Fooled By Randomness

Paper Details: Nassim Nicholas Taleb (the author) in the book Fooled by Randomness, means by the “black swan principle,” and use that principle to critique the usefulness of the capital asset pricing model (CAPM.)

Randomness, or luck, has been an obsession of men, great and humble alike, since the beginnings of history. In past times, when the Gods made sport of mankind. In present times, still, the role of chance in our lives has been under-appreciated. Whether genetic or cultural, modern man seeks to find patterns and reasons for actions. Nobody wants their success to be attributed to dumb luck — and in cases of tragedy, there is an urgent need to find the cause and assign responsibility.

Concepts like “survivorship bias,” “black swan events,” “fat-tailed distributions” are explained along with clever stock market scams and why the chances of 2 people at a celebration having the similar birthday isn’t as unlikely as you might imagine. He turns the time-honored lament, “if we’re so smart, why aren’t we rich?” on its head: “If you’re so rich, why aren’t you smart?” he asks. More importantly, are successful people good, or just lucky? And most importantly, how can you know?

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A crucial 1st step is to develop a well respect for the power of randomness. The notion that many events have no assignable cause is surprisingly difficult to accept. Perhaps that’s because randomness gets confused with disorder and meaninglessness, both of which are discomforting to most of us. Our brains would rather create nonexistent patterns than be without patterns altogether. But the fact remains that much of what happens in the world is the product of chance. If we don’t learn to appreciate the enormous influence of chance, we will regularly read too much into events.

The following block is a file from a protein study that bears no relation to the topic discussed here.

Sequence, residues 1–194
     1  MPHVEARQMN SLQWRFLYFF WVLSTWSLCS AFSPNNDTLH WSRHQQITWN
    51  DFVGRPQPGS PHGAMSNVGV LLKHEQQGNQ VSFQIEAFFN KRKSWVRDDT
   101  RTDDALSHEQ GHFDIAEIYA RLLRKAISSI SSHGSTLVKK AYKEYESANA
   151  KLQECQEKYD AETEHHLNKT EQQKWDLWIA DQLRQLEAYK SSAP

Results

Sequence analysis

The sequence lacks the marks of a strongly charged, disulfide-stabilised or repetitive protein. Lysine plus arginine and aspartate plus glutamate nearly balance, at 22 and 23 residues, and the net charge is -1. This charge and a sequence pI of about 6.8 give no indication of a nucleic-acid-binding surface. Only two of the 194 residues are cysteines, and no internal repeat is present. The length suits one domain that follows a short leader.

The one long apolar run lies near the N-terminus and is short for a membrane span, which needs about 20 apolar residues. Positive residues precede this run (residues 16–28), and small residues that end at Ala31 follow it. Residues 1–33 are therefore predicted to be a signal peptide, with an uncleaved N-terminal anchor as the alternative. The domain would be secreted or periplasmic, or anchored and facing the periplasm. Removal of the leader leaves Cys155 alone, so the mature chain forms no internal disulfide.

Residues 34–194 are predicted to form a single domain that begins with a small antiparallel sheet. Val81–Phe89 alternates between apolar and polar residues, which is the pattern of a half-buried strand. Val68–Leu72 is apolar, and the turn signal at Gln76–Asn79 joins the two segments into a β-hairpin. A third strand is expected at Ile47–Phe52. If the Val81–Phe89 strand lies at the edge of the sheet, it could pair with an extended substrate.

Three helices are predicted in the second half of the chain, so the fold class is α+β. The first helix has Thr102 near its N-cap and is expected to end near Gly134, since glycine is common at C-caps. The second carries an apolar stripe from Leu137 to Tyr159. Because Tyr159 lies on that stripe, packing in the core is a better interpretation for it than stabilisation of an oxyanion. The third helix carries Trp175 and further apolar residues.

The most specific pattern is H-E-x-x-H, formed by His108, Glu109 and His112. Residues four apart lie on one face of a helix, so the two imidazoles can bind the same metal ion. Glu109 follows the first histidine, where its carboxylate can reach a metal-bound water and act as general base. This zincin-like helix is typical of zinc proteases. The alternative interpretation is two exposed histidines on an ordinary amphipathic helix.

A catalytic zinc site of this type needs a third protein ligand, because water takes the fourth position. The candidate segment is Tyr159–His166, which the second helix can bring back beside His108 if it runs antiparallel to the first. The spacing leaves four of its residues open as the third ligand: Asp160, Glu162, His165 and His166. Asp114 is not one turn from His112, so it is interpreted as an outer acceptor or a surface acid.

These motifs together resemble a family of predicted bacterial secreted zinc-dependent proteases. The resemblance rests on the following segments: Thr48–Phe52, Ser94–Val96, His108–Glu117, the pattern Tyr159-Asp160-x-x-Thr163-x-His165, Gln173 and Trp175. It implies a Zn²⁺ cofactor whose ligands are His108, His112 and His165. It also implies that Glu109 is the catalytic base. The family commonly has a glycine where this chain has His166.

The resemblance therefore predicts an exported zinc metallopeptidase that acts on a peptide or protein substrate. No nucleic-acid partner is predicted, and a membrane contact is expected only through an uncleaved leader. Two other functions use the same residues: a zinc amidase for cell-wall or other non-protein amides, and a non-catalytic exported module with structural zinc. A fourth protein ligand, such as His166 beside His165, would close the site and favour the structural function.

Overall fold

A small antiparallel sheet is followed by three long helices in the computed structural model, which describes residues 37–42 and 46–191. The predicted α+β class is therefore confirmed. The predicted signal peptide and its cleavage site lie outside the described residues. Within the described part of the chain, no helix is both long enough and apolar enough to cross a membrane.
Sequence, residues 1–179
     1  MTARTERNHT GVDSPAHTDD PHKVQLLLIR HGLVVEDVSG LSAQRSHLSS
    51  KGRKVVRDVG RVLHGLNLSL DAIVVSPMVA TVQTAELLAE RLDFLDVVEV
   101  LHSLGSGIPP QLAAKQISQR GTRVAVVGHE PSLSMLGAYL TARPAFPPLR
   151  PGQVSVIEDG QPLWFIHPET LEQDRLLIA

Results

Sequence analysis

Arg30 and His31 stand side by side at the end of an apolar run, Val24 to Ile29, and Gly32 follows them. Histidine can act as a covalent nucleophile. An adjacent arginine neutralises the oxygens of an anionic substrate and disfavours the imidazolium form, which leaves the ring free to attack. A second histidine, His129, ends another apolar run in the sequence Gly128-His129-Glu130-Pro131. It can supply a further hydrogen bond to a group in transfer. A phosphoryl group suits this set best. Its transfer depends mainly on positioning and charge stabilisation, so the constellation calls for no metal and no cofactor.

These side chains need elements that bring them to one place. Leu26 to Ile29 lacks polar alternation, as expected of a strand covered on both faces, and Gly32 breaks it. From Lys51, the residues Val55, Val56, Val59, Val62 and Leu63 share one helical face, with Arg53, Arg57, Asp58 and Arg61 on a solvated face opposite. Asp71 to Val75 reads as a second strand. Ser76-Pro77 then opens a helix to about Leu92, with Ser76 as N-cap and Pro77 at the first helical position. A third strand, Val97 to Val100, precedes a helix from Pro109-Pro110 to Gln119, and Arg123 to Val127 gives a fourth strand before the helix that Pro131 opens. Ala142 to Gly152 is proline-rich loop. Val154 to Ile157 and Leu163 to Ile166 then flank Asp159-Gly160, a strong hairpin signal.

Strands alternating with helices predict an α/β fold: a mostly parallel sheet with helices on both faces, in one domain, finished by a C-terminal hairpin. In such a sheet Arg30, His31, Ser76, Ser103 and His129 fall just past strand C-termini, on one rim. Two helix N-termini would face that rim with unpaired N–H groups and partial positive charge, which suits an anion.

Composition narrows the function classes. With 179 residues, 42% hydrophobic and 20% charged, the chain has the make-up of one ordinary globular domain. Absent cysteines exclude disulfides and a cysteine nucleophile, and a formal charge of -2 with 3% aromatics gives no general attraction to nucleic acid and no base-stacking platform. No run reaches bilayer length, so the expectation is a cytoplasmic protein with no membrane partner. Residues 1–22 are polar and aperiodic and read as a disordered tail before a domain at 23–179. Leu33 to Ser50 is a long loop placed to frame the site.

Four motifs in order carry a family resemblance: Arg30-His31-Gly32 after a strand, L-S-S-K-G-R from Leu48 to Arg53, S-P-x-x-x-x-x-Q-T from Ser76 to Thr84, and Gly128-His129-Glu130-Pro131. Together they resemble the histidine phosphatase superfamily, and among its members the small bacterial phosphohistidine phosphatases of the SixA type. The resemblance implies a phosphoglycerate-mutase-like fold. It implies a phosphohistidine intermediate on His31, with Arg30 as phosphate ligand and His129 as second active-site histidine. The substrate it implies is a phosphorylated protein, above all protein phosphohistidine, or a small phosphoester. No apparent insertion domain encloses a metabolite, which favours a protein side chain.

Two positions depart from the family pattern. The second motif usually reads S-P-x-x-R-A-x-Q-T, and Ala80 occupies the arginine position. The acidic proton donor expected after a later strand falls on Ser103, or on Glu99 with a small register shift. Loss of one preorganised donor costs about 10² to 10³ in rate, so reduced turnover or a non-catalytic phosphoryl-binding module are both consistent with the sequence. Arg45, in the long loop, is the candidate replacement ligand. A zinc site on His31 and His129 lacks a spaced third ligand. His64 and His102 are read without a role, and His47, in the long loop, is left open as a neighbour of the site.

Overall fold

Derivatives, options, short positions as well as therefore capital asset pricing models are all important elements, but a dominant underlying theme is the concept of “decision making under risk.” That is, how do we decide a course of action when we can’t know the outcome, only its probability? Often, our response to such a situation is informed less by a rational assessment of risk, but by our own individual levels of risk tolerance, and psychological biases with regard to gains as well as losses.

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Derivatives, options, short positions as well as therefore capital asset pricing models are all important elements, but a dominant underlying theme is the concept of “decision making under risk.” That is, how do we decide a course of action when we can’t know the outcome, only its probability? Often, our response to such a situation is informed less by a rational assessment of risk, but by our own individual levels of risk tolerance, and psychological biases with regard to gains as well as losses.

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